OWATONNA — As the Owatonna school district continues to press deeper into STEM, E-STEM, and STEAM learning, the education of teachers received a significant funding boost courtesy of Eldon Steuernagel, his family, and the ISD 761 Foundation.
Steuernagel taught math in this district from 1953-1985, and he was one of the founders of the 761 Foundation, even serving as secretary from 1992-2003, according to Bruce Paulson, chairman of the 761 Foundation. Following his death in July of 2018, Steuernagel’s family decided to fund STEAM (science, technology, education, art, and math) education for teachers, since Steuernagel was an ardent believer in that method of instruction.
Steuernagel “felt it would be very useful” to staff and students, Paulson said. “STEAM is such a wonderful thing.”
The district is able to spread that money farther and wider than initially expected, said Michelle Krell, director of teaching and learning for Owatonna Public Schools. The preponderance of training this summer for staff at Lincoln and Wilson was actually covered by a grant from the University of Minnesota and St. Catherine University, meaning the Steuernagel money can be earmarked for further training, professional development, and collaboration.
“It really has worked out well,” Krell said. “We know professional development and ongoing support” allow for “us to do some really great things.”
For example, once all elementary staff members are STEM-ready, “we can collaborate across all four” elementary buildings, she said. Furthermore, the Steuernagel donation will allow high school staff members to receive STEM and Career Pathways training beginning in 2020.
This summer’s training at Owatonna Middle School was open to staff members of Lincoln and Wilson, as well as any new teachers to the district, and Owatonna had roughly 50 individuals attend, she said.
Lincoln and Wilson staff members who missed training this summer will have it in 2020.
After meeting multiple times with the Steuernagel family and explaining some of the STEM successes at McKinley and Owatonna Middle School, everyone agreed “we want to bring that to all students in our district,” Krell said.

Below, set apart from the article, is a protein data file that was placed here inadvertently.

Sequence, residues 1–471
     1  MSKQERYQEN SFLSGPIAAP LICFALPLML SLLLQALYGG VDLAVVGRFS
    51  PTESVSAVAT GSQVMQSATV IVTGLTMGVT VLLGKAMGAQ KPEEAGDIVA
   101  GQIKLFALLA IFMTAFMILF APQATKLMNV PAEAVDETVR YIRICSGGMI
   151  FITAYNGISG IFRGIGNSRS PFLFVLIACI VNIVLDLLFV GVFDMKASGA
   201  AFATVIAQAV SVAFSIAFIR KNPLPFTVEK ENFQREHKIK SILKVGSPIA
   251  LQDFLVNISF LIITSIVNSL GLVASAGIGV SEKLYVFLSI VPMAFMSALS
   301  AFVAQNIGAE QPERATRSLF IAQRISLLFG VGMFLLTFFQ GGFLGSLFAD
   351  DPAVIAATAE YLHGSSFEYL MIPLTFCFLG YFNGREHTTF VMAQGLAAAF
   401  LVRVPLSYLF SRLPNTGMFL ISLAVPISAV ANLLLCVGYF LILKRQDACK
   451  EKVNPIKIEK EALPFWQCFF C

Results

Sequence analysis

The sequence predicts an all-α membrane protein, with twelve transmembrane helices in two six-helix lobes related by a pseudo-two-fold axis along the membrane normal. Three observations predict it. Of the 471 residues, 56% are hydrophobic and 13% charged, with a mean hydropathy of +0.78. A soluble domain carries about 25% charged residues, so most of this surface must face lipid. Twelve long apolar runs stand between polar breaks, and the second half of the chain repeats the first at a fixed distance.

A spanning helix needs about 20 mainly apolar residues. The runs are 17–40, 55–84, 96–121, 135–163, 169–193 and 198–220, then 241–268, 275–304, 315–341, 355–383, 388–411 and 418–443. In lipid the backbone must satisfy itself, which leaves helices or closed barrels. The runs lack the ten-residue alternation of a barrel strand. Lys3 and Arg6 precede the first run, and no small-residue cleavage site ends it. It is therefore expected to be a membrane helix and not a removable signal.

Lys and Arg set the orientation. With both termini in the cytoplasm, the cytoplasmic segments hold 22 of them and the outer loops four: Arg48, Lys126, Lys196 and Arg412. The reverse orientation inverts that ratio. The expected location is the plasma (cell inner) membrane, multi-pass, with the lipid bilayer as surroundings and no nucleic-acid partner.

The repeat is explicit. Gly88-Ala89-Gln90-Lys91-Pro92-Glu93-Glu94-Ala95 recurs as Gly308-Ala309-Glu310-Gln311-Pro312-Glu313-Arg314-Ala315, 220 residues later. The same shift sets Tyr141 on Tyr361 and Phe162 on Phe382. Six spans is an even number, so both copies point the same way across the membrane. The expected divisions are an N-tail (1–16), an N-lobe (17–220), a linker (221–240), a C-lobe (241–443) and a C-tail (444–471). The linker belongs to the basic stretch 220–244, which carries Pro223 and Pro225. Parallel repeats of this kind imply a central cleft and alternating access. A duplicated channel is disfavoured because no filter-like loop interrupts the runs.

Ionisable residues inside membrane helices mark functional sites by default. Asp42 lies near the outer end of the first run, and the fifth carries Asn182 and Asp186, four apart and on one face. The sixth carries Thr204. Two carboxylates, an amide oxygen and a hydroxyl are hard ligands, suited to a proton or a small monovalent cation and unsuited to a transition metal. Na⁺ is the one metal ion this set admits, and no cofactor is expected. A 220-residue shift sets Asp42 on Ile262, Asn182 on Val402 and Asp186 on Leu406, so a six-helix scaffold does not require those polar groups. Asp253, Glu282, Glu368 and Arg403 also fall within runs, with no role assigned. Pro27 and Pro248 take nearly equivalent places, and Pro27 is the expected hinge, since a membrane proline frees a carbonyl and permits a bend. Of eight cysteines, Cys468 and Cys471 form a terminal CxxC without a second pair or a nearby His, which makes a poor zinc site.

“Addresses shouldn’t dictate” the education elementary students in Owatonna receive, and those students all filter into the E-STEM middle school before reaching high school.
The skill set of “an Owatonna graduate” ought to include abilities such as critical thinking, collaboration, creativity, and problem-solving, she said.
Employers desire those talents in workers, and the mission of a school district is to turn out graduates who can thrive in college, career, and life.
STEM students have “a different mindset,” she said. They have “perseverance and positive growth.”
Owatonna was one of the first districts in Minnesota to move in the STEM direction, and it remains a leader in STEM, STEAM, and E-STEM innovation, according to Dr. Gillian Roehrig, a science education professor at the University of Minnesota who has dedicated herself to studying STEM education, particularly in OPS. In many schools, students have to “get lucky” to get that one STEM teacher, but in Owatonna, STEM is building-wide, and that “cohesion” makes the district special.
“We need to challenge kids,” Krell said.
“How can we create more relevant learning opportunities?”
Funding from sources like the Steuernagel family will allow the district to continue offering STEM, STEAM, and E-STEM opportunities.
The Steuernagel “gift is tremendous to us,” Krell said. “We’re so thankful for their kind generosity.”